Wednesday, January 28, 2009

Ain't it the truth?

I read other people's blogs a lot, and on one blog I'm following (hey, BJ :-) ), the writer talks about how friends and family were all about appearances and spending a lot for Christmas, even during these tough economic times.

The thing is, that's been true a lot for me, too, only I've never really been a big spender before this, and I'm uncomfortable with this value system that says we should have to try to keep up with the Joneses, always have been. I don't necessarily get nasty reactions from people when I don't; it's more, "Oh, that's too bad you don't have enough money." That can be a little frustrating sometimes, considering that the people who say that to me probably don't have enough money either, but they do it anyway. So I've always been a bit out of step with what at least seemed to be the general mindset of, "Spend, spend, spend" before this little economic crash we're having.

A "good" thing?

I get a lot of people riled up when I talk about how this economic recession or depression or whatever you want to call it might actually be a "good" thing, in some ways. Not the massive loss of jobs, no, but the so-called "credit crisis" in general. You see, the so-called economic "health" we've been experiencing has actually been built on debt in large part, for a long time. Our own debt, our government's debt, and so on. Fake money, in other words. So maybe this correction we're undergoing is actually going to put us back in the mindset our parents or grandparents had, which is that you only buy what you can afford and nothing more, using real money that you actually earn before you spend it.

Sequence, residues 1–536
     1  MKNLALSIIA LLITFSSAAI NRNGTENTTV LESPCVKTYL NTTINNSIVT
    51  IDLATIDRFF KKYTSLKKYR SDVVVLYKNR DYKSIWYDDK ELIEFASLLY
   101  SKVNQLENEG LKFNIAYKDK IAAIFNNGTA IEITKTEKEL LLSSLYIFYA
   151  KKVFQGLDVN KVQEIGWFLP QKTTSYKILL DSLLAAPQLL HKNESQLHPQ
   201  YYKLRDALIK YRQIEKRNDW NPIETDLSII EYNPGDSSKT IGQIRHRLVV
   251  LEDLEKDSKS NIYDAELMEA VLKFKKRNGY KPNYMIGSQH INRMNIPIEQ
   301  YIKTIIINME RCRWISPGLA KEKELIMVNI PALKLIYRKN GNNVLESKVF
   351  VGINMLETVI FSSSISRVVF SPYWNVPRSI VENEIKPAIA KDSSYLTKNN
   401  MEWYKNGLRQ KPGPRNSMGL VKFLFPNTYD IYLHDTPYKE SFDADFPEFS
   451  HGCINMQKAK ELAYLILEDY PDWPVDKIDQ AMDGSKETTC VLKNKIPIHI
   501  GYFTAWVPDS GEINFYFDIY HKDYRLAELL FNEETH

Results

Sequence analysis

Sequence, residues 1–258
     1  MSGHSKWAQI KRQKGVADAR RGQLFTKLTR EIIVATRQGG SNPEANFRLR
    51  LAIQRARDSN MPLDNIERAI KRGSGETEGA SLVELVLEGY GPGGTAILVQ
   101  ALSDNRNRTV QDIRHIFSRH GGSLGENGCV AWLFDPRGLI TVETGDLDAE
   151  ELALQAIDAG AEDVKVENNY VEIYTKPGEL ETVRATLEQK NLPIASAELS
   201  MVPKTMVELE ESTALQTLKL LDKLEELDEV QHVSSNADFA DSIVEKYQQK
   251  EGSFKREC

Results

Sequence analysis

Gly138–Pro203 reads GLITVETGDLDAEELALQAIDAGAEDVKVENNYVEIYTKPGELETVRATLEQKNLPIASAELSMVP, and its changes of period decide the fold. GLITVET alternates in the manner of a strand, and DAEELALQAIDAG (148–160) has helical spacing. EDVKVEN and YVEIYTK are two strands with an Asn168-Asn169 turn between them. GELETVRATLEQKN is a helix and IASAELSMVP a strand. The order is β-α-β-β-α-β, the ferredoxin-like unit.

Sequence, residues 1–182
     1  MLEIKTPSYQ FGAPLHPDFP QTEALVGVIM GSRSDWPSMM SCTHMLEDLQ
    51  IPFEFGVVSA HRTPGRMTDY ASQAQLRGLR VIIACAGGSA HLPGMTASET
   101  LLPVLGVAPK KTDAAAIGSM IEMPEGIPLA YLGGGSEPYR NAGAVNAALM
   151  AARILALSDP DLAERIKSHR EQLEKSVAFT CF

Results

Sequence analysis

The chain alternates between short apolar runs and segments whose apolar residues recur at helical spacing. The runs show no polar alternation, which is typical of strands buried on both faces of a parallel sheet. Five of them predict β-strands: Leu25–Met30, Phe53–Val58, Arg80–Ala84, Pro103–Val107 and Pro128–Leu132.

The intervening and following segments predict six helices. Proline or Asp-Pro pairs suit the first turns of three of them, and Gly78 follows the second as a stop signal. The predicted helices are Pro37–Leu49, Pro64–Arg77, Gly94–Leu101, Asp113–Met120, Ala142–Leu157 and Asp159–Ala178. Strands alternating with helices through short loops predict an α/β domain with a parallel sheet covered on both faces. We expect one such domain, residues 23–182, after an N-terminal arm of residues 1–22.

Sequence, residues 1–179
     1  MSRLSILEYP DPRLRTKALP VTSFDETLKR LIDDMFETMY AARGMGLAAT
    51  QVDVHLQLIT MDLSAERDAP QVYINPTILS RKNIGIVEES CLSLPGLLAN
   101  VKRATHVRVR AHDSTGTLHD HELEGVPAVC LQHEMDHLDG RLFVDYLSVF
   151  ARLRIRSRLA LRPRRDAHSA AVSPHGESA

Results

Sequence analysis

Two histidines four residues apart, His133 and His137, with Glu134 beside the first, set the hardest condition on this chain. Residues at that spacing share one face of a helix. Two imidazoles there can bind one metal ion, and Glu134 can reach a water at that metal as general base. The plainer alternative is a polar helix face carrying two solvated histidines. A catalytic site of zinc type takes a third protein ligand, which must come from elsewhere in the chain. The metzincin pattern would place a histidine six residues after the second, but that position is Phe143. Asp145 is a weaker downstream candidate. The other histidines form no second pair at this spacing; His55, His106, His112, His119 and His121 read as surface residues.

In some ways, I'm lucky because I'm single and I've never had to discuss my finances with anyone else, so my money has always been my own to earn and spend, without having to worry about what others might think. (I do have a boyfriend, but he feels exactly the way I do about spending and is just as frugal as I am, so we have no disagreements there.) And freelancing can be spotty indeed, with good times and bad times, so I've experienced my own economic "depressions" when the rest of the country was just flush and fine, which makes me a bit of a (dare I say it?) maverick that way, too.

Anyway, I just wanted to say, "You rock!" to all the folks who follow sensibility and don't spend money just to keep up with the Joneses, but only in things they truly want or need -- and can really afford.

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